Vulcan XH558 had been the star of the RAF’s Vulcan Display Flight (VDF) for six years, from May 1986 to September 1992, but as a result of budget cuts the MoD decided to discontinue the VDF. She made her last flight in RAF service on 23 March 1993, when she landed at Bruntingthorpe Airfield and was handed over to her new private owner, C. Walton Ltd. Vulcan XH558 was the first Vulcan B.2 to enter RAF service and after nearly 33 years she was the last to leave service. The world thought it had seen the last flight of a Vulcan.
In 1997, four years after what was believed to be XH558’s final ever landing, with David Walton’s support, Dr Robert Pleming formed a team of specialists to investigate whether a return to airworthiness for XH558 was feasible.
October 2007 was full of anticipation in the aviation world. After over ten years of planning and persuading, Robert and his team were about to complete the mission to return Vulcan XH558 to flight.
On 12 October XH558 took her first steps after restoration.
XH558’s first walk under power – 12th October 2007
On 18 October 2007, the amazing feat of returning Vulcan XH558 to the skies of Great Britain was completed.
XH558: first post-restoration flight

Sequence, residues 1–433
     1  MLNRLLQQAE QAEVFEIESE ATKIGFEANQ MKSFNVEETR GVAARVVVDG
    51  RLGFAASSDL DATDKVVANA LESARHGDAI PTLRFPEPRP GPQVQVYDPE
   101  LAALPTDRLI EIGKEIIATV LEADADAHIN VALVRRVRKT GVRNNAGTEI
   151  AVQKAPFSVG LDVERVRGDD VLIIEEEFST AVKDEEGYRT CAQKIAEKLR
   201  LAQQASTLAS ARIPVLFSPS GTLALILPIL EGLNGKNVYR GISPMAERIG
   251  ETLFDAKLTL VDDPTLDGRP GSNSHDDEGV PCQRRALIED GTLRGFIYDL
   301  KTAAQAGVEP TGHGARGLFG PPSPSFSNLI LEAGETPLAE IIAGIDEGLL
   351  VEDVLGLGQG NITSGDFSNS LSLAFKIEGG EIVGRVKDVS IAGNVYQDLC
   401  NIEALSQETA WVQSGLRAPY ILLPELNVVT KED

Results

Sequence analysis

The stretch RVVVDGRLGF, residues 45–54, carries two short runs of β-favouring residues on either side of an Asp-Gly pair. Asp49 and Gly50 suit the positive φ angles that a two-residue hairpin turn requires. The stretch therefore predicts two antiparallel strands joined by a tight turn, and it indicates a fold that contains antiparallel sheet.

Acknowledgment of the achievement came from the National Transport Trust. The 2007 Preservationist of the Year Award was presented by Prince Michael of Kent to Dr Robert Pleming for “leading the Trust in its efforts to return the last potentially airworthy Vulcan to the air”.
VTST later won the Worshipful Company of Engineers ‘Heritage Engineering Award’ for 2008, for “a significant contribution to the understanding and development of engineering through the interpretation of historical sites or processes.” They went on to note that “The aircraft is the first ‘complex’ one to be returned to the Civil Aviation register (G-VCLN) and this represents a huge technical achievement by the dedicated team under Dr Robert Pleming, the CEO VTST”, further noting that “Display flights will be a spectacular example of British design and engineering excellence in the air and will be supplemented by a ground education programme aimed to illustrate the historical ‘Cold War’ context of the Vulcan’s period of service.”
Vulcan XH558 went on to make her long awaited return to UK airshows in 2008, with an estimated 3.8 million people seeing her fly that summer, proving herself as “a spectacular example of British design and engineering excellence in the air”.